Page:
The Allende meteorite crashed to earth in 1969 over Mexico and broke into hundreds of fragments that contain microscopic diamonds and have become collector’s pieces. Such extraterrestrial visitors have left their mark on Earth’s history and its fragile human cargo.
The Allende meteorite is the largest carbonaceous stony meteorite ever found on Earth. The original stone is believed to have been the size of a small truck that travelled towards the Earth at more than 10 miles per second. It fell in the early morning of 8 February 1969 over northern Mexico, near the village of Allende in the state of Chihuahua. After it had broken up in the atmosphere, an extensive search for pieces was carried out by scientists and amateurs.
The meteorite was formed from nebular dust and gas relatively soon after the “Big Bang”. It is a “stone” meteorite, as opposed to an “iron”, or “stony iron” meteorite. Most Allende fragments are covered, in part or in whole, by a shiny black crust created as the stone descended at great speed through the atmosphere. This caused the exterior to melt and form a glassy “fusion crust”.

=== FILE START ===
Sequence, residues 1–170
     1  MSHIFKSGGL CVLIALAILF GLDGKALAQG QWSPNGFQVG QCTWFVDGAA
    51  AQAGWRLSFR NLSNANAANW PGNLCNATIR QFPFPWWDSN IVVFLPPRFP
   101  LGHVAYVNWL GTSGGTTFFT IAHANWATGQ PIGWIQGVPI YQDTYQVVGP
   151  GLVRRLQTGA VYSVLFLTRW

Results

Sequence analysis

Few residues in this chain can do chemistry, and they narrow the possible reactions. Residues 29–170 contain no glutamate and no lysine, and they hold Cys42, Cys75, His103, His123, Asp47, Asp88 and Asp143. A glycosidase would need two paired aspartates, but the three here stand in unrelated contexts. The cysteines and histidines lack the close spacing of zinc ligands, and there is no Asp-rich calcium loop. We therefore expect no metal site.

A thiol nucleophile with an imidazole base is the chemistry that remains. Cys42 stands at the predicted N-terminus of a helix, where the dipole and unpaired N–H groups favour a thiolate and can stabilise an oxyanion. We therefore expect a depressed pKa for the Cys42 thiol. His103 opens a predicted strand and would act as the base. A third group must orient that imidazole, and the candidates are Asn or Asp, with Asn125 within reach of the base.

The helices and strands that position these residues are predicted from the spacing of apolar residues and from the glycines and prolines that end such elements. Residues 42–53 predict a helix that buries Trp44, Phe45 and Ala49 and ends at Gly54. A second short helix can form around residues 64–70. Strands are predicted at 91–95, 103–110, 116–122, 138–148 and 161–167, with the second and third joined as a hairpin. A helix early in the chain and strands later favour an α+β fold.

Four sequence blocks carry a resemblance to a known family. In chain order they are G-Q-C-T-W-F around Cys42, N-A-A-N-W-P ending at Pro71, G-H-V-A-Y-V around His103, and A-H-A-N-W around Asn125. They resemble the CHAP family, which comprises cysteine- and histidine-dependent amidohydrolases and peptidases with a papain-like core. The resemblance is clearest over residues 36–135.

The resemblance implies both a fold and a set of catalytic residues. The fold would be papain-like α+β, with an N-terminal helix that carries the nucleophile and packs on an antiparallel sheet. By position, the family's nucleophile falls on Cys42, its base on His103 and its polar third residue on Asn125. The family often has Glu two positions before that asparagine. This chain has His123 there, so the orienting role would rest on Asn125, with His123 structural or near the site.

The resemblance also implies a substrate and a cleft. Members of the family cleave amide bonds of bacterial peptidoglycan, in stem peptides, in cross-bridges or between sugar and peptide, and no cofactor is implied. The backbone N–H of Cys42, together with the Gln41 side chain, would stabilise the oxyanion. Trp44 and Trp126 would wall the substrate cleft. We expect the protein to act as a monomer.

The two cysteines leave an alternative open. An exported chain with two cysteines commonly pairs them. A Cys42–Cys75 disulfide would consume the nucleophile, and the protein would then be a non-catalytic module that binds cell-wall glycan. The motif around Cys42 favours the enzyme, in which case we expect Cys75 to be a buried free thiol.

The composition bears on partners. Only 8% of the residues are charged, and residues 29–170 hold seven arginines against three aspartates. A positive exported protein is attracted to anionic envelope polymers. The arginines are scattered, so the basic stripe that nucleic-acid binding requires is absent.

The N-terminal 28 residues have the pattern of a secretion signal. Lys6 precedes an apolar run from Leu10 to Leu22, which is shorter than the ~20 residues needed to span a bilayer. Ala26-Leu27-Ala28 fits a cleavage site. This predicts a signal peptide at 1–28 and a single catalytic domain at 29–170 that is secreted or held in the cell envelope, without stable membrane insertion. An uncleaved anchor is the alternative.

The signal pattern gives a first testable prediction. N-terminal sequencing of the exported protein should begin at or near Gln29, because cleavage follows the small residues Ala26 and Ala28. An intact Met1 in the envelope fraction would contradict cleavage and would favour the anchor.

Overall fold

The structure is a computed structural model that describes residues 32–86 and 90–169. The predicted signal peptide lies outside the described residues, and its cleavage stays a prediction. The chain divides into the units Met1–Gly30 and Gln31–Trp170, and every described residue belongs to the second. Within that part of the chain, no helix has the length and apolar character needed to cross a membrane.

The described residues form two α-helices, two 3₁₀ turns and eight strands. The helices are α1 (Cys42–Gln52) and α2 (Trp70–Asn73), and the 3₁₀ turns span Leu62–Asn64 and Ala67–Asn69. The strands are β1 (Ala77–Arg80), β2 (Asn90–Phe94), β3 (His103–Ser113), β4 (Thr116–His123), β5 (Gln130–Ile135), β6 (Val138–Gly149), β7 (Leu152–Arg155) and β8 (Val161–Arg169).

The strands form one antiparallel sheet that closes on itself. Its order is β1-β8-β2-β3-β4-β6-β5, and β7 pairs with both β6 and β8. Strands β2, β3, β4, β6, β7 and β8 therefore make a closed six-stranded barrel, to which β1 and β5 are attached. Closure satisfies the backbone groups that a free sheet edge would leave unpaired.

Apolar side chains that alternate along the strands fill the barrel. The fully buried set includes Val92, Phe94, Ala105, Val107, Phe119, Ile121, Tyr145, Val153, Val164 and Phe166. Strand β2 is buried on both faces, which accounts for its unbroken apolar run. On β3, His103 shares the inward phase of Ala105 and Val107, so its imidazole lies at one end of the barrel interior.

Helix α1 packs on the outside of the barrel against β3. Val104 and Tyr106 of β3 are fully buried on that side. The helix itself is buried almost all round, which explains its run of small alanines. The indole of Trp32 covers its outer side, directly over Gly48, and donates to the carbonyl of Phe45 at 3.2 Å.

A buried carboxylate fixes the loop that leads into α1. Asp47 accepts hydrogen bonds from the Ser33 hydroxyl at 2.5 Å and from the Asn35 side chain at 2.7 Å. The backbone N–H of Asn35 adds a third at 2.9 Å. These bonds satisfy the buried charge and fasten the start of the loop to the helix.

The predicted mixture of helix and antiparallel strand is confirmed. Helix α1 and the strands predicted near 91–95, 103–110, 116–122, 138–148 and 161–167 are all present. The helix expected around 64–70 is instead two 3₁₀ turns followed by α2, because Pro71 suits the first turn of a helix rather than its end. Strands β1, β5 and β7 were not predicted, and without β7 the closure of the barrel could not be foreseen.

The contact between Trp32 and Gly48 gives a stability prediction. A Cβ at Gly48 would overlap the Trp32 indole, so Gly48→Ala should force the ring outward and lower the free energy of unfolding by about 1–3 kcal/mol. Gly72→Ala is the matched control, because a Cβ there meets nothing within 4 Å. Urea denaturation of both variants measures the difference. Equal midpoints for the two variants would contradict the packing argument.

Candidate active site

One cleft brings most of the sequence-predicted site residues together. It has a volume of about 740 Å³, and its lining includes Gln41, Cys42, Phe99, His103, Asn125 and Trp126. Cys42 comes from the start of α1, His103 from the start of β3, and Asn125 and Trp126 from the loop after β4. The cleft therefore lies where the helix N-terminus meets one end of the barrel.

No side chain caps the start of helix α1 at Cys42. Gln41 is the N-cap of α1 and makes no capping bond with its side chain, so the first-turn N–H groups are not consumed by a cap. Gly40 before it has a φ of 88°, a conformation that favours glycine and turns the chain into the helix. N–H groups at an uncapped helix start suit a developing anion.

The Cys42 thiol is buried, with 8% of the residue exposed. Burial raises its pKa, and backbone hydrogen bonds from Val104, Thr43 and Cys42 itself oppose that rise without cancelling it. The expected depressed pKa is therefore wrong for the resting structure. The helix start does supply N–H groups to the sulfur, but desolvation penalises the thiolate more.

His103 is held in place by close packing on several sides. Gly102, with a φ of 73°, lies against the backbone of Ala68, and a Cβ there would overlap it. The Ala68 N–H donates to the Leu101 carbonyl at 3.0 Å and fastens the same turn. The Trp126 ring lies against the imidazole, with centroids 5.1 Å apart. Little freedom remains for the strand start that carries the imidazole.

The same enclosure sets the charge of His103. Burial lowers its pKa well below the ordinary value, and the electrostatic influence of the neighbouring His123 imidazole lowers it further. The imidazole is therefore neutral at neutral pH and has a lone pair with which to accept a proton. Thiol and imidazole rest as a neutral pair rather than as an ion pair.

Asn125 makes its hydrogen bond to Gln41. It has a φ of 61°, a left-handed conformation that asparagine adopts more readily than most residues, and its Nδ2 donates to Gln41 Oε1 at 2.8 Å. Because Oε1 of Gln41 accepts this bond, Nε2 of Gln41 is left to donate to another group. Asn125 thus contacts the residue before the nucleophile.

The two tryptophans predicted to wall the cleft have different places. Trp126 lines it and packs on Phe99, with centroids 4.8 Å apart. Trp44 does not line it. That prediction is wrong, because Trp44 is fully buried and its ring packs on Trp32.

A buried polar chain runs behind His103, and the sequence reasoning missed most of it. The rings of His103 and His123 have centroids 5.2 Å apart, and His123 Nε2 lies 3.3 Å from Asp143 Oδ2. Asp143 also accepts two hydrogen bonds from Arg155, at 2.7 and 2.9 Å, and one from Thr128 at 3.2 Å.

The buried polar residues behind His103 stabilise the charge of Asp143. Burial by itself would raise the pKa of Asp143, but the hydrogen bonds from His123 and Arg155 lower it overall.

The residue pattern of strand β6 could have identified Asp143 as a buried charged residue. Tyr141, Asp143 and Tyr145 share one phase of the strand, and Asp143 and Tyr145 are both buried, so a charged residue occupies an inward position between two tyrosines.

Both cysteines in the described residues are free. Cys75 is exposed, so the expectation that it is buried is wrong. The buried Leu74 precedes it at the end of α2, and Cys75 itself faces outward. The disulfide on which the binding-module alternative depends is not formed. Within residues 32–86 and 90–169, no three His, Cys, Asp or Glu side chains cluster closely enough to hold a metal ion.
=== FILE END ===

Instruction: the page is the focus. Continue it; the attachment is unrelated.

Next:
The Allende material turned out to be much more important than the rocks brought back from the moon. When scientists sliced samples of the Allende meteorite open, they discovered curious small white objects, which had not been seen before. Called calcium-aluminium “inclusions”, and typically no more than a few millimetres wide, they are a mix of high-temperature oxides and silicates of calcium, aluminium, and titanium.
These inclusions represent some of the first solid matter to form in the solar system – the cosmic dust swirling around the young sun – and are more than 4.5 billion years old. They have much the same composition as the sun (minus the hydrogen and helium). Allende is in essence pre-planetary material. Studying it, scientists can decipher the beginnings of the solar system and unlock the first half-billion years of Earth’s history.
Just over one hundred years before the Allende meteorite, on the evening of 20 July 1860, a meteor fragmented during a near-horizontal passage through the Earth’s atmosphere and turned into a procession of fireballs. The American landscape artist Frederic Church (1826-1900) painted what he had seen. The American poet Walt Whitman recalled the event in “Year of Meteors” published in Leaves of Grass, writing that he would never forget:
“The strange huge meteor-procession dazzling and clear shooting over our heads,
(A moment, a moment long it sail’d its balls of unearthly light over our heads,
Then departed, dropt in the night, and was gone;)
Of such, and fitful as they, I sing – with gleams from them would gleam and patch these chants,
Your chants, O year all mottled with evil and good – -year of forebodings!
Year of comets and meteors transient and strange – lo! even here one equally transient and strange!
As I flit through you hastily, soon to fall and be gone, what is this chant,
What am I myself but one of your meteors?”